Getting past receptionists and other gatekeepers is a universal sales challenge. Successful salespeople, however, have the right insights and approaches for success.

They know the secrets to see their way past gatekeepers. Part of which is to be expert in overcoming cold calling anxiety.

Successful salespeople have the right instincts because they’ve mastered the three A’s in sales – awareness, acceptance and action.

Starting in the 1970s en route to selling millions of dollars in goods and services in multiple industries, I made all the conceivable and unimaginable mistakes.

So I learned how to “read the room” in cold calls by using the three A’s.


Understand that gatekeepers are probably just as devoted to their jobs as you are to yours. They don’t want to risk criticism for admitting someone who doesn’t offer value to their organization. They see their job as to screening people out.

To counter-act their resistance, you must concentrate on creating the best-possible first impression by looking like a professional.

Did you ever notice that the most-professionally dressed people are accorded the greatest respect? Receptionists will size you up as someone who is or isn’t worthy of meeting the boss.

Many receptionists are hired to create a positive, first impression for visitors. It sounds trivial but many receptionists wear great shoes as part of their “uniform.”

They also appreciate salespeople who know what to wear and how to wear it. As a young salesperson, many receptionists commented to me: “Great shoes.”

Recognize, too, you have the power light up the room when you walk in the door – to create a favorable spotlight on yourself.

A positive, authentic smile turns on the light switch. You must decide how to follow the example of any great actor in an classic movie.

Along with effective visuals of their movements, great actors know the value of expressing the right tone of voice in their roles. You must have a positive appearance and a happy tone when you speak.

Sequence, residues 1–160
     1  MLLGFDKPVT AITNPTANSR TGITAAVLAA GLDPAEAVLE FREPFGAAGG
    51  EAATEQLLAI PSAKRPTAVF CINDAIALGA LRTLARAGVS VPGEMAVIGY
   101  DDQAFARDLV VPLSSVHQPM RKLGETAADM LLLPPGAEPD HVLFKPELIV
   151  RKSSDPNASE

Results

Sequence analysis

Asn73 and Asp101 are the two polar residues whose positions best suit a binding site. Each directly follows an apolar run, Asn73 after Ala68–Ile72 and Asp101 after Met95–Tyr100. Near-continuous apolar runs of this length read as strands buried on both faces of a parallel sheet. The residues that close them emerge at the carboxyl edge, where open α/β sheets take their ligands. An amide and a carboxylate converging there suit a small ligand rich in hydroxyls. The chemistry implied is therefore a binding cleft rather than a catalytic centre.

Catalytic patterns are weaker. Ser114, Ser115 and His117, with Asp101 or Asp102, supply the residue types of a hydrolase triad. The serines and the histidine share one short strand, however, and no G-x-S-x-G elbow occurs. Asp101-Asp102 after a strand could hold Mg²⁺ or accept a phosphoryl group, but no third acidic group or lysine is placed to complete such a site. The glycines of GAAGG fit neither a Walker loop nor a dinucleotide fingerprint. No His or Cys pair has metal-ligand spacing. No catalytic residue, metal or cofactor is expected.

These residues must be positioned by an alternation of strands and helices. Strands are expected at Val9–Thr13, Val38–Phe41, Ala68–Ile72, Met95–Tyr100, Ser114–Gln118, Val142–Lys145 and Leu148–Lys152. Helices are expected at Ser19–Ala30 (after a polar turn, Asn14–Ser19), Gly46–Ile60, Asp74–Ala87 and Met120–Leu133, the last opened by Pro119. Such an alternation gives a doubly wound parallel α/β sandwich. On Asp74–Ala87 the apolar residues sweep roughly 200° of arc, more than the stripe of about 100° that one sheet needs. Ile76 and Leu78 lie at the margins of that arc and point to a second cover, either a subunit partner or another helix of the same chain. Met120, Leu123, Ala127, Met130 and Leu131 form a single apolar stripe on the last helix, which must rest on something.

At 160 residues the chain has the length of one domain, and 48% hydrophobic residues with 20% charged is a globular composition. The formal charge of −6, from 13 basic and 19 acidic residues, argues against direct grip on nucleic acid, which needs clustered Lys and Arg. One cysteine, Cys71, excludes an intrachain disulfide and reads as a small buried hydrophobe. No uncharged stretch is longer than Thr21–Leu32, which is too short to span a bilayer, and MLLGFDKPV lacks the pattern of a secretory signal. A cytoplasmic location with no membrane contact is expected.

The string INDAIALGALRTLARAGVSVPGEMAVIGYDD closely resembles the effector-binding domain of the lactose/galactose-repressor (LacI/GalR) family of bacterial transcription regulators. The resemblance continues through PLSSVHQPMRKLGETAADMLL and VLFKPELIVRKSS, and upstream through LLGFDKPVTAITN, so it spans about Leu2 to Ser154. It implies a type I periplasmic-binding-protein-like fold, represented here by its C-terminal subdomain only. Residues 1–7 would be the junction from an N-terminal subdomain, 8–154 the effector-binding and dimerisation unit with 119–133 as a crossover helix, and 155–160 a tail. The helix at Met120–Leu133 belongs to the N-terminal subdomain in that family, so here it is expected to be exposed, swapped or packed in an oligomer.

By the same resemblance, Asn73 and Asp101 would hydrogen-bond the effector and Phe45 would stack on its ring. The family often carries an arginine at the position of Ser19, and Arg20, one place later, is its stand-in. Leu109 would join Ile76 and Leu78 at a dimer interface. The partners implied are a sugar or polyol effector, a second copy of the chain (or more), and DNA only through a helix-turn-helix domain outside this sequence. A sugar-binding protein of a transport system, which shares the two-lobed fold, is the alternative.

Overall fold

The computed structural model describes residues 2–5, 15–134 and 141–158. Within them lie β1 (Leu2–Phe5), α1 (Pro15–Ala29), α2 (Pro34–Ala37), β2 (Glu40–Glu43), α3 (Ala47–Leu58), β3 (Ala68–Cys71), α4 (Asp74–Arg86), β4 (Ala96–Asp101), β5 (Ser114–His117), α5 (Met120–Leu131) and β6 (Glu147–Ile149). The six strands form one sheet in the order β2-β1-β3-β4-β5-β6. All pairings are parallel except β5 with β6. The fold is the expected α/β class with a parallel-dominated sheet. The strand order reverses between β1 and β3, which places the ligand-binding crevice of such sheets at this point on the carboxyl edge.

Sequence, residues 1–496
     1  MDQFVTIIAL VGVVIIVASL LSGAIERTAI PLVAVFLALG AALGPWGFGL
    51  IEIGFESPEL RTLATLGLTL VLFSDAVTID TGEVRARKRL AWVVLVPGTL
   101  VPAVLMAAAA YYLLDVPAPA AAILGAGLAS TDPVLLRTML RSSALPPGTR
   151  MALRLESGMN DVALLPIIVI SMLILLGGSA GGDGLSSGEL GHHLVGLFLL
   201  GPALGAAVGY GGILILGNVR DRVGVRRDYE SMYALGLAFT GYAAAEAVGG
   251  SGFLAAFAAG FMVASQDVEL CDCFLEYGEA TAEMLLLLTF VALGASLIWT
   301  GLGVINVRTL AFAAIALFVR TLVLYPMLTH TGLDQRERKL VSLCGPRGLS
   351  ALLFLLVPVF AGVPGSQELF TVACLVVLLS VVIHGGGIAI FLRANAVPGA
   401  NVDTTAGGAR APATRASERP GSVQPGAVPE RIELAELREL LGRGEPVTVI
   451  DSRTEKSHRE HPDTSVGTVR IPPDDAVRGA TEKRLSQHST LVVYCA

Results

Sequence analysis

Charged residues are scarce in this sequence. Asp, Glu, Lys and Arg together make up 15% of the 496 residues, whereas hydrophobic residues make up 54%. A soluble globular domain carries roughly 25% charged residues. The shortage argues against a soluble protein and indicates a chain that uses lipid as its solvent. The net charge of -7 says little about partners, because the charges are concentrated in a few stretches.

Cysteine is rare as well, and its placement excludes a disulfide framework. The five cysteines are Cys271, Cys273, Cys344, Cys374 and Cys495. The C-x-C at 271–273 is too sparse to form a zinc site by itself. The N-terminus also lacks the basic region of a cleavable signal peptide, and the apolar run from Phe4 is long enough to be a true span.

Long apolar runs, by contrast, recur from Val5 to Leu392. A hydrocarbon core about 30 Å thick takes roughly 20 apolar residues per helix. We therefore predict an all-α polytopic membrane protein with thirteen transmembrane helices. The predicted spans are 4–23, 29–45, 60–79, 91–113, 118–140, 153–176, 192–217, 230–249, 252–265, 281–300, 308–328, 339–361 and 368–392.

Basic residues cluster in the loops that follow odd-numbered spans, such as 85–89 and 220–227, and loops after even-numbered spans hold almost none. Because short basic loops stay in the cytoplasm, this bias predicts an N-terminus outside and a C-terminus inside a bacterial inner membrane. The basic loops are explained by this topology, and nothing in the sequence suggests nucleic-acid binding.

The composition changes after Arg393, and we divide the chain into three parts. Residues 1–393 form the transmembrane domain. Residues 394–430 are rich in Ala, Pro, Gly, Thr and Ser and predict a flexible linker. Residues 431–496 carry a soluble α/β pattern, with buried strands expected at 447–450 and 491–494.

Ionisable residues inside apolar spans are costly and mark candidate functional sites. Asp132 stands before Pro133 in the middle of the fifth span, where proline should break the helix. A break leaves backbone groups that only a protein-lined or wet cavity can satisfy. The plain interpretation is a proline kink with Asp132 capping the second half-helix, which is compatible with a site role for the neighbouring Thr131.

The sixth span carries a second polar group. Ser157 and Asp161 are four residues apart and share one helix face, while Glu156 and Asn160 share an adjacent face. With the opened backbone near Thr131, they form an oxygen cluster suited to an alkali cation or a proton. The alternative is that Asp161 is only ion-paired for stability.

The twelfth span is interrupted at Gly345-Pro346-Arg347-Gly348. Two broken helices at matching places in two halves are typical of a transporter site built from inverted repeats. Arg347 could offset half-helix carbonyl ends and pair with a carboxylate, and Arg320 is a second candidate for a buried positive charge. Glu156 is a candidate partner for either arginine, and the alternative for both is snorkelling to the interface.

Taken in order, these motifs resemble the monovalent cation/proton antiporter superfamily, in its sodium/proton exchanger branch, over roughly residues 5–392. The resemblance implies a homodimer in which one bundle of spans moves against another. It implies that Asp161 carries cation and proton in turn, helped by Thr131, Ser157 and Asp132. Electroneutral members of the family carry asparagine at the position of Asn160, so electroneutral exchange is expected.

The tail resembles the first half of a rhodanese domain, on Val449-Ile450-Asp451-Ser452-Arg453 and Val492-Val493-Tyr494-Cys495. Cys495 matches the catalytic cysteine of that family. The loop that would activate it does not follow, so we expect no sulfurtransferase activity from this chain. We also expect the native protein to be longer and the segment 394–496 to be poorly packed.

Be aware, too, of a technique used by popular radio personalities – they smile when they open their microphones. If you smile as you speak, you will project a friendly tone of voice.

Before a cold call, understand that you must already know about the company, and keep in mind the type of questions to ask the gatekeeper.

You must be aware of techniques in rapport-building and asking open-ended questions. Open-ended questions prompt gatekeepers to think about how to answer you and to provide you with information — instead a knee-jerk “no” reaction.

Hone your instincts in how to spot a need for what you have to offer. Have a great elevator pitch, use value propositions and know the seven steps to higher sales, the five value perceptions that motivate customers to buy, and the three-step process for overcoming sales objections.

Great salespeople turn gatekeepers into allies.

Good bosses rely on their gatekeepers’ opinions. Top bosses usually ask the gatekeepers what they think about salespeople. Once you persuade gatekeepers that you’re a professional with excellent communication skills and provide value, you’re halfway to landing a sale.


Acceptance merely means deciding on an objective. In my long career as a salesperson and later as a consultant in business-development calls, my objective was merely to take the first step in developing a relationship.

Gatekeepers might not know it, but they wield a great deal of power. You must accord them maximum respect.

“Most people think ‘selling’ is the same as ‘talking.’ But the most effective salespeople know that listening is the most important part of their job.”

-Roy Bartell

The first step: Decide how to introduce yourself to obtain an appointment. (But don’t be surprised if you get past the gatekeeper and make a sale on the spot. It can happen. Act as if you’re accustomed to it.)

Also, it’s time to decide for you to decide how you’ll go about turning on the switch to light up the room.


Especially in cold calls, don’t walk in the door looking like an average salesperson. Don’t marginalize receptionists, and don’t take them for granted. Developing a relationship with the receptionist is very important to your success.

The sales profession is an honorable one. Be proud of what you’re doing, hold your head high. Nothing happens in commerce until something is sold.

Instead of a briefcase, carry a small portfolio big enough to hold a notepad and business cards. Or don’t carry anything at all – just your business cards and smartphone to make appointments on-the-spot if you get an audience. This shows you’re giving the company personalized attention.

Most salespeople mistakenly give up after three cold calls. However, it normally takes a minimum of five quality sales calls before you get an appointment.

Get the gatekeeper’s name. Make a note of whatever you discuss and any other salient information. Mention it on your return visit.

Instead of pulling out my cold-call list, I used to write gatekeepers’ names in quotes on the back of a business card. Those gatekeepers were impressed when I remembered their names in subsequent cold calls.

To overcome the difficulties you face in chatting with gatekeeper, approach the gatekeeper not as a salesperson but as a professional who visited the company to offer the value – with an attitude of gratitude and service.